Abstract

BACKGROUND The aim of this study was to investigate whether 'dual diagnosis' (substance misuse and severe mental illness) is associated with aggression and offending.

METHOD Twenty-seven people meeting the criteria for both psychotic illness and a substance use disorder and 65 people with psychosis only were interviewed. Case notes were also examined and keyworkers asked to rate substance misuse and aggression.

RESULTS The severity of aggression and offending among this community treatment sample was low. Individuals with a dual diagnosis were significantly more likely than those with psychosis only to report any history of committing an offence (P = 0.001), or recent hostile behaviour (P = 0.001). Keyworkers were more likely to report recent aggression among the dually diagnosed (P = 0.01). Significant differences persisted when we used logistic regression to control for potentially confounding demographic and clinical variables.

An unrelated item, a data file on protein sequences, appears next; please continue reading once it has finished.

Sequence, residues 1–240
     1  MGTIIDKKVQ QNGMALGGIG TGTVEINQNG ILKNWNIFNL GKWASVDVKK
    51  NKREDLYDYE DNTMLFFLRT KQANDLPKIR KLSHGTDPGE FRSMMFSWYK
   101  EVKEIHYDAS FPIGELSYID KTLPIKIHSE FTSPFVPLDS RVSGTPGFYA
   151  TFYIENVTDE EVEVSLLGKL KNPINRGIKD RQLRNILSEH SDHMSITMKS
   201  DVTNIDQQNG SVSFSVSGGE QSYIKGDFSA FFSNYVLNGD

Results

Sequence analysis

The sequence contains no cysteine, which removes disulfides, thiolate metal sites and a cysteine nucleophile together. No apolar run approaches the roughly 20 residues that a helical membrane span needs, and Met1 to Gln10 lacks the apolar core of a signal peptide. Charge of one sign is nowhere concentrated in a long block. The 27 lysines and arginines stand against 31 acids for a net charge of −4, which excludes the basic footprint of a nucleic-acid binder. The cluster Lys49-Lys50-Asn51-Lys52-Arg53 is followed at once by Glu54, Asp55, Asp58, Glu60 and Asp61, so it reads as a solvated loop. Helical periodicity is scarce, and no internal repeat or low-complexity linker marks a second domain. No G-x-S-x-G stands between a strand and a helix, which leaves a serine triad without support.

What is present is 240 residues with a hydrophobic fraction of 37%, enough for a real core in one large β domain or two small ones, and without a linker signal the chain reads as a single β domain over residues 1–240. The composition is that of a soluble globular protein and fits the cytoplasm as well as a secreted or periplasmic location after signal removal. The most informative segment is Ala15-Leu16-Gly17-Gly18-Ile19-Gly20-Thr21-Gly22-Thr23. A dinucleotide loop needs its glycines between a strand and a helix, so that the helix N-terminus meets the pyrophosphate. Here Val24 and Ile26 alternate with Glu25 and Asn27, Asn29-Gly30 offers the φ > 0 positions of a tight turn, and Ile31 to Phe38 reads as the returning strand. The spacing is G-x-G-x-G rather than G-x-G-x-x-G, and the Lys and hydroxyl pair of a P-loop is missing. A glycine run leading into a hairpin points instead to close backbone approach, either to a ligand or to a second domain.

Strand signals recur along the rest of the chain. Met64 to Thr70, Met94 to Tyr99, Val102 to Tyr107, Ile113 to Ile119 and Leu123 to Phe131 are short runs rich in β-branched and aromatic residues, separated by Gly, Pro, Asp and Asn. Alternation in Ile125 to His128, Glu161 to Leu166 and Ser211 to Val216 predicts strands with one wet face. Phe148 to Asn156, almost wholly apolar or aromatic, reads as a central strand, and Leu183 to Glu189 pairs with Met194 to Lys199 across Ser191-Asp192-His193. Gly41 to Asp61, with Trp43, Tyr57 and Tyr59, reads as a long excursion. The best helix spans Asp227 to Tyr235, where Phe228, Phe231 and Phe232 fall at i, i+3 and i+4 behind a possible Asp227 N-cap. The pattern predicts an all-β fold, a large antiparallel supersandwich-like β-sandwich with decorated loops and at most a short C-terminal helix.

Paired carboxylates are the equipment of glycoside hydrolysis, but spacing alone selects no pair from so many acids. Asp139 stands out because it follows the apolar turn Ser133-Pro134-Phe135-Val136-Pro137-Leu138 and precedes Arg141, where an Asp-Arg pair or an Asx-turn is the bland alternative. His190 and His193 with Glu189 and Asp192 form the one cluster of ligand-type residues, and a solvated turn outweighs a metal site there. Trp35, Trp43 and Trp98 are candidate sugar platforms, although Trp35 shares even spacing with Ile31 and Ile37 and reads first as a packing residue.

CONCLUSIONS Dual diagnosis may be an important factor in aggression and offending among severely mentally ill individuals in inner-city areas. Accurate risk assessment requires examination of substance use.